Massive bitcoin mine discovered in UK after police raid suspected cannabis farm
LONDON — An illegal bitcoin mine has been found by police in the U.K. who were looking for a cannabis farm.
The mine — located in an industrial unit on the outskirts of the English city of Birmingham — was stealing thousands of pounds worth of electricity from the mains supply, West Midlands Police said Thursday.
Police searched the unit in Sandwell on May 18 on the back of intelligence that led them to believe it was being used as a cannabis farm.
Lots of people were visiting the unit at various points of the day, police said, adding there was lots of wiring and ventilation ducts visible A police drone also detected a lot of heat coming from the building.
These are all “classic signs” of a cannabis farm, police said. However, officers found a bank of around 100 computers and zero cannabis on entering the building.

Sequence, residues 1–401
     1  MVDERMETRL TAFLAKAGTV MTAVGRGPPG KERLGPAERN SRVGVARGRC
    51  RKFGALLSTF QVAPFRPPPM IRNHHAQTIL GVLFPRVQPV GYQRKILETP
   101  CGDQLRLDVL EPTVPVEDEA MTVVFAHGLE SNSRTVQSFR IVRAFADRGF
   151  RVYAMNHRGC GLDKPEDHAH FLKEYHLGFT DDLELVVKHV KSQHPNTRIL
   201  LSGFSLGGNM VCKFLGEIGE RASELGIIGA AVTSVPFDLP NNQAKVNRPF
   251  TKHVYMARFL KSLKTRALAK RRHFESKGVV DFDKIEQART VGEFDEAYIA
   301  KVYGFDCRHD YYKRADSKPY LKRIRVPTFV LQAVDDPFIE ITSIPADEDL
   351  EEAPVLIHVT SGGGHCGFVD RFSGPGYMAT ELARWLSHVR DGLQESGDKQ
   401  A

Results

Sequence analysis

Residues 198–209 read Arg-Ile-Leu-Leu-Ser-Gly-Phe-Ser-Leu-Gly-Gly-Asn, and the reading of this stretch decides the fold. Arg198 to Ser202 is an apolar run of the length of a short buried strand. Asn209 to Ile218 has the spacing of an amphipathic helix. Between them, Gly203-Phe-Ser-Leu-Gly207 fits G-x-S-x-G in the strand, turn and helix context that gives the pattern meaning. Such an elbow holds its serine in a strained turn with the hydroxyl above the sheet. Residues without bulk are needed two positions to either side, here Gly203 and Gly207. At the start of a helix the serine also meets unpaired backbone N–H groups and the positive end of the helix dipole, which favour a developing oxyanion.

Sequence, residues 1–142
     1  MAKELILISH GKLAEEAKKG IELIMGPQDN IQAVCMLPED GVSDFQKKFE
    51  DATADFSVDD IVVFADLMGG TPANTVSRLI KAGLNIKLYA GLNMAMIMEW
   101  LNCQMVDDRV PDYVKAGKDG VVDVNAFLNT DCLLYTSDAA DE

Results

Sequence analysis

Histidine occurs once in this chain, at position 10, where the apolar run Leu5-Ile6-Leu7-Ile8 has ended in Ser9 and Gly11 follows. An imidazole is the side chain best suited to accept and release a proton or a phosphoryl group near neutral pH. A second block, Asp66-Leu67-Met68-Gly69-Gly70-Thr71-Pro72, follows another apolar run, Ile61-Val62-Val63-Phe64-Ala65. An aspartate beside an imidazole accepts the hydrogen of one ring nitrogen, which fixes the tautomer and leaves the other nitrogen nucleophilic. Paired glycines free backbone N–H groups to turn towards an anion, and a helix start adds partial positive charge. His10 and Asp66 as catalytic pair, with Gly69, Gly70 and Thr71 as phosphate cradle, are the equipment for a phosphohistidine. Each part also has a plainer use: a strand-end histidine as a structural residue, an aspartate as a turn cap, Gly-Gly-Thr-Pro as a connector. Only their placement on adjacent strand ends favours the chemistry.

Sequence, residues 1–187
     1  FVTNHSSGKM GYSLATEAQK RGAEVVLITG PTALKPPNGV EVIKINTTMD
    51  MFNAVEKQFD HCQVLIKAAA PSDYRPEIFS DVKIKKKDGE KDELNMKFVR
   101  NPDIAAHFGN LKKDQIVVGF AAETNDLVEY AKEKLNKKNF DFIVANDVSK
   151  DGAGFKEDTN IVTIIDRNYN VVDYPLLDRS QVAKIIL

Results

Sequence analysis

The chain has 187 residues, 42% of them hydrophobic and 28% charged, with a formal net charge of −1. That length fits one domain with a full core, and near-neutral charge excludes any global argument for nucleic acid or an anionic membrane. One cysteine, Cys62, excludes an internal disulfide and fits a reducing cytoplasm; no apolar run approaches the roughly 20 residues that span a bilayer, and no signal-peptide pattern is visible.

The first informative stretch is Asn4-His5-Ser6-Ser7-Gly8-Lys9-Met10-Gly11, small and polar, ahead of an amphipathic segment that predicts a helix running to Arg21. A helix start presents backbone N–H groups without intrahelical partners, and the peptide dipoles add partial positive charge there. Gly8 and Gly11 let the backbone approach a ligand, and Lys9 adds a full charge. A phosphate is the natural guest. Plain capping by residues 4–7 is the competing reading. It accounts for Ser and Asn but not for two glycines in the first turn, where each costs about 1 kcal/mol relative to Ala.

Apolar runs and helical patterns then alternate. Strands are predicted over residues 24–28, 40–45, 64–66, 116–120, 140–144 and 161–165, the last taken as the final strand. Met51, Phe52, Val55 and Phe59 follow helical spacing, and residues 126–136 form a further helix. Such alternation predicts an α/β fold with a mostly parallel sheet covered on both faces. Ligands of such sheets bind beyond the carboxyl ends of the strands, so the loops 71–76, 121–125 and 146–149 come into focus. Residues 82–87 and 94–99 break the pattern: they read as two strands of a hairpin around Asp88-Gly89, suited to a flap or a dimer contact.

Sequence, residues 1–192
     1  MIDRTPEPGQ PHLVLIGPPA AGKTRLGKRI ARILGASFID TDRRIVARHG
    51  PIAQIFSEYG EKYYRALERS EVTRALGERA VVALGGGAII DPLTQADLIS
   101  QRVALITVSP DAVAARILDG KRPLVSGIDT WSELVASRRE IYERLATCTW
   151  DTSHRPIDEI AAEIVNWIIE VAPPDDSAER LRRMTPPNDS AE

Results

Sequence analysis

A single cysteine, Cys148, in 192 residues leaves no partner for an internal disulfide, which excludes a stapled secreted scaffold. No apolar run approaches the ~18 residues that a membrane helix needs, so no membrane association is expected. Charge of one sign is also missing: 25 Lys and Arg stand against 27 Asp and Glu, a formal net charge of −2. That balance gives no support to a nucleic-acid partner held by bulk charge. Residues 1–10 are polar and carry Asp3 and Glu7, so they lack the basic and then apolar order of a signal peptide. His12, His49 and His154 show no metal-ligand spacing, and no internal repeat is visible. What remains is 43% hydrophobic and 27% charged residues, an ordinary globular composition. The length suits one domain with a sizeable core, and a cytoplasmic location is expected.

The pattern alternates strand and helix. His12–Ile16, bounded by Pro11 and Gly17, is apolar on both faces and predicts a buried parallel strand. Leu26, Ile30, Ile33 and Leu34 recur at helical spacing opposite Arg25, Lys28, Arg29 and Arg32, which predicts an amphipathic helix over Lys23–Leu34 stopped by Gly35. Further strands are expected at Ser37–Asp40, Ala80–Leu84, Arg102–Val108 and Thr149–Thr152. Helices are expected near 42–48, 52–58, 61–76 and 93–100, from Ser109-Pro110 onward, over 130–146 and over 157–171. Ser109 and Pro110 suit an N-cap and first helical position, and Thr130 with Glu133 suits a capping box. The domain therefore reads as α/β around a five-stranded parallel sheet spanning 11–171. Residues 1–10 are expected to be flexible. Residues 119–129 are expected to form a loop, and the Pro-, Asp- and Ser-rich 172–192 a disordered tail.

“It’s certainly not what we were expecting,” Jennifer Griffin, Sandwell police sergeant, said in a statement. “It had all the hallmarks of a cannabis cultivation set-up and I believe it’s only the second such crypto mine we’ve encountered in the West Midlands.”
Bitcoin miners use purpose-built computers to solve complex mathematical equations that effectively enable a bitcoin transaction to go through. The miners are rewarded for their efforts in the digital currency.
However, the entire process is incredibly energy intensive because of the amount of power used by the computers. Bitcoin has a carbon footprint comparable to that of New Zealand, producing 36.95 megatons of CO2 annually, according to Digiconomist.
“My understanding is that mining for cryptocurrency is not itself illegal but clearly abstracting electricity from the mains supply to power it is,” Griffin said.
The computer equipment has been seized but no arrests have been made.
On Wednesday, Iran’s government announced a ban on the mining of bitcoin and other cryptocurrencies, as officials blame the energy-intensive process for blackouts in a number of Iranian cities.
Around 4.5% of all bitcoin mining globally took place in Iran between January and April of this year, according to blockchain analytics firm Elliptic. That put it among the top 10 in the world, while China came in first place at nearly 70%.
China’s Inner Mongolia region plans to ban new cryptocurrency mining projects and shut down existing activity in a bid to cut down on the energy-consuming operation.
— Additional reporting by CNBC’s Natasha Turak.